Ovum forecasts that the smart home market will reach 20% penetration of global households by the end of 2020 (see Figure 1). This represents a dramatic uplift given that the market has languished in the sub-5% range for the past 15 or so years when it was only used in the very high-end market or by very early technology adopters. The new market drivers for smart home are complex, however, and not always obvious to the casual observer. Understanding these drivers, the corresponding value chains and the optimum channels to market are essential to all players looking to capitalize on this new market growth.
The first and perhaps most important driver for smart home products is consumers' gradual acceptance of smart home technology based on the simple fact that more and more devices in the home are becoming connected. Not so long ago, something like a connected cooker would have seemed absurd to most people. While it may still perhaps be seen as extravagant, the fact that so many home devices (such as speakers, TVs, and webcams) have not only become connected but have benefited from it, it now at least doesn't seem such a silly idea. Consumers are, therefore, finally starting to imagine how such technology could be used in their own situation and how it could therefore potentially improve their lives. However, acceptance by itself will not equal sales. Smart home products still come at a premium and can seem overly complex compared to their non-smart counterparts. Therefore, retailers, service providers, and vendors still have a big job to position and market their products correctly.
A second driver Ovum is expecting is a shift in marketing strategy, as well as increased marketing investment and intensity, to highlight smart home use cases rather than the technology. This will take the form of greater and more focused media advertising, as well as a shift in and greater emphasis of product placements in retail stores; for example, smart lighting solutions starting to appear in the home furnishing and design stores, rather than in DIY and electrical stores. Together with increased training of field engineers and shop-floor sales reps to provide greater guidance to consumers on the benefits of certain smart home technology, this shift in marketing will reduce some of the barriers surrounding smart home products such as perceived value and complexity.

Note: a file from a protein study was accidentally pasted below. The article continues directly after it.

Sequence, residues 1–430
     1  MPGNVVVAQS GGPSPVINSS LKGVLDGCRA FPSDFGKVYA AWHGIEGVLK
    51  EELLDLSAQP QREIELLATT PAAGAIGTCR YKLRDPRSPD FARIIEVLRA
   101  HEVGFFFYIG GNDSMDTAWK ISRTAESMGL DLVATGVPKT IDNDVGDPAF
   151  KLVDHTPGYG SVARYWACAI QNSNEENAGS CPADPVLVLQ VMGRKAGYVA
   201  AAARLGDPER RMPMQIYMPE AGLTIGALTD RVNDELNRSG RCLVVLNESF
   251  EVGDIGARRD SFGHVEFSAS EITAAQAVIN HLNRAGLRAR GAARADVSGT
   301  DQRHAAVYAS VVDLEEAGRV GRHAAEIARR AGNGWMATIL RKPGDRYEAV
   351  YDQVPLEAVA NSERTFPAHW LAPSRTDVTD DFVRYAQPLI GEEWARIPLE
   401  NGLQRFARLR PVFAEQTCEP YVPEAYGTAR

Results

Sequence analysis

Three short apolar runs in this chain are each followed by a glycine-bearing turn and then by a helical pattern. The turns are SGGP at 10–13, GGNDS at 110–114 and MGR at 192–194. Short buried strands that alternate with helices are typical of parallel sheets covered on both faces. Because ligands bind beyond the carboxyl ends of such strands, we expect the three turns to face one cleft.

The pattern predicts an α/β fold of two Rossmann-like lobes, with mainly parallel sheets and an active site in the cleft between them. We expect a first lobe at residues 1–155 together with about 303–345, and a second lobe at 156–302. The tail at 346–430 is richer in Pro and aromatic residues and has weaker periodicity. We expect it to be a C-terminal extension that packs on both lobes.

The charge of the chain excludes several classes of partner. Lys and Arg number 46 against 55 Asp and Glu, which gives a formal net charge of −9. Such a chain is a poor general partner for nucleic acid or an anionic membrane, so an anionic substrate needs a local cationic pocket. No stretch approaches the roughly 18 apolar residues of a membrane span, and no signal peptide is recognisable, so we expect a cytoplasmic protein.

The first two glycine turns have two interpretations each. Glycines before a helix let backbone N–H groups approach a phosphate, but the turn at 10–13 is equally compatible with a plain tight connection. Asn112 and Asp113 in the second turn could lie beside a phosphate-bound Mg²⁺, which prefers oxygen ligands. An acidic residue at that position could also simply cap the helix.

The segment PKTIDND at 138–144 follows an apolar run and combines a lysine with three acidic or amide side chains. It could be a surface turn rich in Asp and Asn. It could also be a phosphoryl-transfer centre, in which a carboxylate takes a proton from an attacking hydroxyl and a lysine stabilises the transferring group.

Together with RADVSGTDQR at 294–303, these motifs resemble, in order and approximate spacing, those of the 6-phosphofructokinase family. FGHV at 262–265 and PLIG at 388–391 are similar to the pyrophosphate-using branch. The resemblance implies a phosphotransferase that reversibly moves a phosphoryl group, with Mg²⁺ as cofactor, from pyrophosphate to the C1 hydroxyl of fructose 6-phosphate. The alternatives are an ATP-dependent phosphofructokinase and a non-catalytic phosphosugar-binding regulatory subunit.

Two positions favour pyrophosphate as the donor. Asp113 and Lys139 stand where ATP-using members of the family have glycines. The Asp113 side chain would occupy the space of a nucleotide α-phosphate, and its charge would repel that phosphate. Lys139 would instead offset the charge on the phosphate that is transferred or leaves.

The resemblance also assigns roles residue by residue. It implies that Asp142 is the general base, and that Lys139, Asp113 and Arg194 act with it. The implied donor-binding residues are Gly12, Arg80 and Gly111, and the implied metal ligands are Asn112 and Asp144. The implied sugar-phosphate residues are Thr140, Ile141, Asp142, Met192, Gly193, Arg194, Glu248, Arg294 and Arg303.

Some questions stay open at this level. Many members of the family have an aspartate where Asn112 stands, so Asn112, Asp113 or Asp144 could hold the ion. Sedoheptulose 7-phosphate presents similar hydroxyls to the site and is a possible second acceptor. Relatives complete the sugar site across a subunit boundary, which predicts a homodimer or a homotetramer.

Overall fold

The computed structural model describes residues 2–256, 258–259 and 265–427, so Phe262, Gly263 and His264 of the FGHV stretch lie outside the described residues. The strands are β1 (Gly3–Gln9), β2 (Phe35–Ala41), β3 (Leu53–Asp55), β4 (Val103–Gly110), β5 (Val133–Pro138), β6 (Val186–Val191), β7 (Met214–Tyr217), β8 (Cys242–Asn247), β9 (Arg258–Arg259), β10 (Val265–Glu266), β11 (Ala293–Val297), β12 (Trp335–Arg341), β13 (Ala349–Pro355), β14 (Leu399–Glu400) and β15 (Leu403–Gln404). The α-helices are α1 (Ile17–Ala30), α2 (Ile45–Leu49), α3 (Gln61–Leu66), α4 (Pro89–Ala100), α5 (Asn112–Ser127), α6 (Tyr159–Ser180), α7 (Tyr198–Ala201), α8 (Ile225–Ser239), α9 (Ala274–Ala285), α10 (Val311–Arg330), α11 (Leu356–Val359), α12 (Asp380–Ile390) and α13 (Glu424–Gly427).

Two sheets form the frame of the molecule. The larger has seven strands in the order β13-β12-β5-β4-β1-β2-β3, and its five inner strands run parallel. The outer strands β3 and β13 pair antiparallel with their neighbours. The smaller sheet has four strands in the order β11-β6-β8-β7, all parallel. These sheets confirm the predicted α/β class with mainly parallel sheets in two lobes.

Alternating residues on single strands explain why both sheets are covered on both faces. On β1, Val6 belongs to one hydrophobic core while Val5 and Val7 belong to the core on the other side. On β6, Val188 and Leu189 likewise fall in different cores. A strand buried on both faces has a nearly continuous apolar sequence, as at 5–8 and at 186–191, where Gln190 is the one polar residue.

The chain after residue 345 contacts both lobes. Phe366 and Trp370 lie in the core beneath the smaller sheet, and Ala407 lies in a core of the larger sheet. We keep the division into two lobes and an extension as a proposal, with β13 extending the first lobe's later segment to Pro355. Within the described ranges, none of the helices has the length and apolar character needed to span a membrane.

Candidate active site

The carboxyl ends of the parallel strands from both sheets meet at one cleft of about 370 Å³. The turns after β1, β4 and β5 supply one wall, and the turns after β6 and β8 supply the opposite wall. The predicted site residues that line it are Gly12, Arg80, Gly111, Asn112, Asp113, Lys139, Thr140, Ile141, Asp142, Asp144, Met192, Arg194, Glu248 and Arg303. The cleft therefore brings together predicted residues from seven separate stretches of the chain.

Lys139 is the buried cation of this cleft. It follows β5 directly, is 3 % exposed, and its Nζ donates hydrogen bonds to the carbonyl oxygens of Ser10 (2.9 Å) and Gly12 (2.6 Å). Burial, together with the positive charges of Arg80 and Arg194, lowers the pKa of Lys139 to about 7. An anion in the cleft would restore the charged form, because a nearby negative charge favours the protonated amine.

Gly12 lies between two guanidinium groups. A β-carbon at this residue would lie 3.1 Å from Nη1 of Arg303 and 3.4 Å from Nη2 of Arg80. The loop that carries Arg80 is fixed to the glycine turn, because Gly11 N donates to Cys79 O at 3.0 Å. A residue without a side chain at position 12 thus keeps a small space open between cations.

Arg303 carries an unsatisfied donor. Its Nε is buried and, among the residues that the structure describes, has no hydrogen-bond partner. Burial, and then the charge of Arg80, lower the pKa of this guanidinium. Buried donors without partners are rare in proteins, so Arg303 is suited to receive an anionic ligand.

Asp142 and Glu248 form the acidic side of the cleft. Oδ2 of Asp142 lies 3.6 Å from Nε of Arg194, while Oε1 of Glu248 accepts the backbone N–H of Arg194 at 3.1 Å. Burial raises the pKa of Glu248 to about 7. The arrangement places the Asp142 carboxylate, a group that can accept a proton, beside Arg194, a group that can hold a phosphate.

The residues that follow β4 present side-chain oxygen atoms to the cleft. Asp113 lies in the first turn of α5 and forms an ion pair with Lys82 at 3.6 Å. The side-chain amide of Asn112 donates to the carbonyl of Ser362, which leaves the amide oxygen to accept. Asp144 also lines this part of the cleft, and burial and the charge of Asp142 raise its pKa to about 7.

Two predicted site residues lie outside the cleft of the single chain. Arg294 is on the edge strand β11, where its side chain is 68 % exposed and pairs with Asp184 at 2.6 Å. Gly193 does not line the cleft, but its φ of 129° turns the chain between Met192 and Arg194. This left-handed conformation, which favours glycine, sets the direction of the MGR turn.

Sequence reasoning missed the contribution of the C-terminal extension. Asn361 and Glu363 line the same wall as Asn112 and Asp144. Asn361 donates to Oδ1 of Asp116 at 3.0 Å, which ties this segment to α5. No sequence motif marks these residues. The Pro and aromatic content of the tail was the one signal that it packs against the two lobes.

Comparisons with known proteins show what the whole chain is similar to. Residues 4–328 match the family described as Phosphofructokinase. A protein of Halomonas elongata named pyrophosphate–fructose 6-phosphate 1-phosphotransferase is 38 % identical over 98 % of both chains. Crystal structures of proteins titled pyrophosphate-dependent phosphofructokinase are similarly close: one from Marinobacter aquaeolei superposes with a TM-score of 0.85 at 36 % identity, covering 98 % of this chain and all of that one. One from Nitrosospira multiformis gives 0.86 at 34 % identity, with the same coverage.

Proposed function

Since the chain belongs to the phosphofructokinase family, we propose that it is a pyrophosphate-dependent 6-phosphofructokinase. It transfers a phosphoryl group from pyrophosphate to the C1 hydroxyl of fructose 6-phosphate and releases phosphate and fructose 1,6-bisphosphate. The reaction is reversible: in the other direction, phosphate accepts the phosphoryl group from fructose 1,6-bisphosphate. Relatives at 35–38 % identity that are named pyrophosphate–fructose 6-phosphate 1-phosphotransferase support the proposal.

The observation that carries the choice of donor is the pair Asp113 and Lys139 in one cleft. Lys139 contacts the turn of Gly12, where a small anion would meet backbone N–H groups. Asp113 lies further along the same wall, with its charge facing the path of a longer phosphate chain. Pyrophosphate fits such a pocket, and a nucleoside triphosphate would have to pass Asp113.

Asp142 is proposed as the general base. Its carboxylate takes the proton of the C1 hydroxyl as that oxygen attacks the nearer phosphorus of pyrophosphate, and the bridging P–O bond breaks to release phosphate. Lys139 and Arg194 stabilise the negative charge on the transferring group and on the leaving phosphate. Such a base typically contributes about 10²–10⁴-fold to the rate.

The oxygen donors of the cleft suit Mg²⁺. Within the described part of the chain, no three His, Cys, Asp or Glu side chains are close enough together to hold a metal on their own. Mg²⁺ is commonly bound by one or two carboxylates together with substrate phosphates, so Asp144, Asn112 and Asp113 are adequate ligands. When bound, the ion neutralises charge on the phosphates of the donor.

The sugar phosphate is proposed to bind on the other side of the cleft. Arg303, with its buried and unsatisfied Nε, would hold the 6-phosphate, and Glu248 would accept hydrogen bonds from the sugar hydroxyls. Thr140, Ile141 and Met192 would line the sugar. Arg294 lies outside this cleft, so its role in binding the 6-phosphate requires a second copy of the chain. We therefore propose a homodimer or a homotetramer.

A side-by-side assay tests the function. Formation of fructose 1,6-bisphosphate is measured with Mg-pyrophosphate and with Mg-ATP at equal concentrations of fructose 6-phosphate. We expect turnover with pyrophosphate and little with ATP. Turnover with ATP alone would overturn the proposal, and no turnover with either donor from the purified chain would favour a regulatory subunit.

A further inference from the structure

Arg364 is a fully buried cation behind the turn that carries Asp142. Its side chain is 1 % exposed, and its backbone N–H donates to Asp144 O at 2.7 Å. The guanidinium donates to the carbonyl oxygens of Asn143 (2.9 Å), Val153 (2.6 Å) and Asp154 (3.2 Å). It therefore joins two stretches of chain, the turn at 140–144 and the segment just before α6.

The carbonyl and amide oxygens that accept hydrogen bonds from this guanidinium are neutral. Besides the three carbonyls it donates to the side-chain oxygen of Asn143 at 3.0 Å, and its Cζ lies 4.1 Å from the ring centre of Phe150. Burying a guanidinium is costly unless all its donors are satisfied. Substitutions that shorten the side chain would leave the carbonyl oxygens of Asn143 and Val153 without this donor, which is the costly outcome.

The third driver will be industry pushing smart home technology into the home in order to deliver new consumer services. A good example would be an energy company pushing smart energy devices as part of a new smart energy tariff, or a home insurance company pushing connected home safety and security devices in order to offer a new type of home insurance premium. Such strategies are already available on today's market, but it is still early days and many players and still experimenting with various service concepts and business strategies. Over the next few years, both elements will mature and we will see a dramatic increase in availability and marketing around such services. The impact of these strategies will be to push smart home technology into the home that otherwise consumers may not necessarily go out and purchase on a purely retail basis – a connected flood sensor is a good example.
The fourth big driver will come from industry wanting to push smart home technology into the home to help them drive greater efficiencies within their existing business. Examples of this could be home delivery companies utilizing smart locks to enable more efficient delivery of goods, home service companies connecting home appliances to enable efficiencies within their support teams, energy utility companies looking to control the flow of energy to certain non-critical devices/appliances during heavy peak-usage periods. Such initiates normally have certain advantages to the consumer, usually be either making things more convenient or cheaper, but often the bigger advantage is the cost savings to the enterprise itself. This double business advantage will be a key driver, however, these models will also take time to come to fruition as they not only rely on a change in consumer attitude towards companies having greater visibility and control of devices in their home, but also appliance lifecycles, which in some cases (a central heating boiler or air conditioning unit, for example) can sometimes be 10s of years.
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